No one is more interested in seeing additional 5G spectrum made available than AT&T (NYSE: T), but it isn't buying a Dish Network (NASDAQ: DISH)-led proposal to change the rules for Multichannel Video Data and Distribution (MVDDS) spectrum.
That's the gist of a statement of opposition that AT&T filed with the FCC after the MVDDS 5G Coalition, of which Dish is a member, petitioned the FCC to initiate a rulemaking proceeding designed to permit MVDDS licensees to use their 12.2-12.7 GHz spectrum to provide 2-way mobile broadband services. AT&T says the petitioners have not presented any technical justification for revisiting the rules or provided an explanation of how direct broadcast satellite (DBS) services might be protected from interference if MVDDS service were mobile and 2-way.
T-Mobile US isn't buying it, either. While it supports a re-evaluation of whether the 12 GHz band can be used for mobile broadband services, additional rights should not automatically be extended to current MVDDS licensees because incumbents have failed to make use of their authorized spectrum, the operator told the commission.
When MVDDS was initially authorized, the commission provided licensees with flexibility regarding the types of services that could be offered but denied all applications for 2-way terrestrial use and corresponding waiver requests. The commission said permitting 2-way operations in the 12 GHz band would "significantly raise the potential for instances of interference among the operations," T-Mobile wrote.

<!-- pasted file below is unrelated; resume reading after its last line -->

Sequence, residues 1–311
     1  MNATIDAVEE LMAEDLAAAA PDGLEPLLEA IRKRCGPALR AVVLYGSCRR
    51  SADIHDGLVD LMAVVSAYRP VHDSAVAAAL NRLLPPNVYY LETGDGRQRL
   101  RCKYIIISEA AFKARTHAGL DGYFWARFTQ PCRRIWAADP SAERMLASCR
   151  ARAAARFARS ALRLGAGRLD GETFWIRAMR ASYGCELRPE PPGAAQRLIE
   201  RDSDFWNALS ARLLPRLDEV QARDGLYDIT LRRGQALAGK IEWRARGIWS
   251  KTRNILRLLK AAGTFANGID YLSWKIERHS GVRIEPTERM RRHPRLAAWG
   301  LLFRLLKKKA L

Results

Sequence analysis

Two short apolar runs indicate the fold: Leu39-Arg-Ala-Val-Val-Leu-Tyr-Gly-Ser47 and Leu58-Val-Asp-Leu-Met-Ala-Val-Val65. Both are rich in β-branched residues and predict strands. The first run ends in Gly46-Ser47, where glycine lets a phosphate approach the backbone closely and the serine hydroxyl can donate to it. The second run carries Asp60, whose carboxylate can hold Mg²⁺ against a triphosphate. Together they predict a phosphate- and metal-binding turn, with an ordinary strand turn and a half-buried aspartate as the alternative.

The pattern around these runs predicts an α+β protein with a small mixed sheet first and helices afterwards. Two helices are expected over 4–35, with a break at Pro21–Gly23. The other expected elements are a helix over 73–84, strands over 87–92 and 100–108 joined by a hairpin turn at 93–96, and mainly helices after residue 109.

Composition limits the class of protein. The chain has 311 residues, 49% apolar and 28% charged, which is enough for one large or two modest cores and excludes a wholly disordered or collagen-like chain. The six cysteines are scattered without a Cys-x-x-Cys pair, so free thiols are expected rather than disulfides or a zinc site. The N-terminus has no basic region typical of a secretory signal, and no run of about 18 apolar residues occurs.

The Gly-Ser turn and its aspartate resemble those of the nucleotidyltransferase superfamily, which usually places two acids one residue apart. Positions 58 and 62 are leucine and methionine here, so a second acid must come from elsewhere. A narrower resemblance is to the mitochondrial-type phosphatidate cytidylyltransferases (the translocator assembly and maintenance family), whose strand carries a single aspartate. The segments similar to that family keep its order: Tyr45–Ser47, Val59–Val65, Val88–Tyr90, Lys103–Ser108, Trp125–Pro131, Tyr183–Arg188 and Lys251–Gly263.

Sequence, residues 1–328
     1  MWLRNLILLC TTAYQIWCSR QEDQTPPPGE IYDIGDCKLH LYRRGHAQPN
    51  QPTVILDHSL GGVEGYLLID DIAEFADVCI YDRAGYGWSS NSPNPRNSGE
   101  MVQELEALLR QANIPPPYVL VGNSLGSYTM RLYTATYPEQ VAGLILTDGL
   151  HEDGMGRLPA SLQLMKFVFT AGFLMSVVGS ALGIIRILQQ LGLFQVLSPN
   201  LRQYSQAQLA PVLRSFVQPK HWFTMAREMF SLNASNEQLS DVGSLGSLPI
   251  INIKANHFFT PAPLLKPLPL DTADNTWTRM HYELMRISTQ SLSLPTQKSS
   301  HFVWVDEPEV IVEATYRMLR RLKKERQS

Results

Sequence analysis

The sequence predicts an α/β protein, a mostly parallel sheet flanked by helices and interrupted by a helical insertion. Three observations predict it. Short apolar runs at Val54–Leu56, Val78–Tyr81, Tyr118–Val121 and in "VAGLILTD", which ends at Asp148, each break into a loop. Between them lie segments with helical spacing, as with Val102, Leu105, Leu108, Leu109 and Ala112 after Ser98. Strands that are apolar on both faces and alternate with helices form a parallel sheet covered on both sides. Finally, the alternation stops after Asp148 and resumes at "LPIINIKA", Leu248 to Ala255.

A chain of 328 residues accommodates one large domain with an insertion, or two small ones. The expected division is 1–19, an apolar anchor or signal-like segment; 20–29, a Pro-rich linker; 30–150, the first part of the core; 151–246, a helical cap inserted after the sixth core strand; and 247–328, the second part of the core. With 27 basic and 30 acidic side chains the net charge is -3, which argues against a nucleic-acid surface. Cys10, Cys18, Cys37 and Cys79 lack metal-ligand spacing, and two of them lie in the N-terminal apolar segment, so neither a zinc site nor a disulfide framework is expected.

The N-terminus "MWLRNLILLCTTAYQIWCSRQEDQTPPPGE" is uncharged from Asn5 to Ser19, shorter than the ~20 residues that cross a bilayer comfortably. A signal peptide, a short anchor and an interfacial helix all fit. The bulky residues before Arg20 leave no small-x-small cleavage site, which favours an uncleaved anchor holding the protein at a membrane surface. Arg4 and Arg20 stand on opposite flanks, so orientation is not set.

The carrier argues that if interference challenges can be overcome, the commission must auction any terrestrial rights to operate in the 12 GHz band instead of awarding those rights to MVDDS licenses that have not, to date, "done anything with the spectrum despite the flexibility the commission has provided."
AT&T said the commission determined in 2002 that permissible uses of MVDDS spectrum included any digital non-broadcast service, including fixed one-way service direct-to-home/business video and data services that complied with the technical standards and interference protection criteria it issued.
AT&T, which acquired DirecTV last year, said the commission specifically agreed with DirecTV that 2-way service in the 12 GHz band should not be permitted because adding a return link in addition to the existing non-geostationary satellite orbit (NGSO) fixed satellite service (FSS) allocation and the proposed MVDDS allocation would unnecessarily complicate an already challenging sharing scenario. The operator added that sufficient flexibility for 2-way service was afforded to MVDDS licensees whereby the 12 GHz band could be used for a "downstream" path and the "upstream" path could be located outside of the 12 GHz band in other available spectrum or over a wireline return path.
AT&T concluded that it favors finding additional spectrum for 5G mobile use, but without additional technical analysis or a specific detailed proposal, the commission should not start a rulemaking to expand MVDDS operational parameters at this time.
The MVDDS coalition petition states that the 12.2-12.7 GHz band is ideally suited to be made available for increased sharing with existing DBS to allow use for new 5G services.
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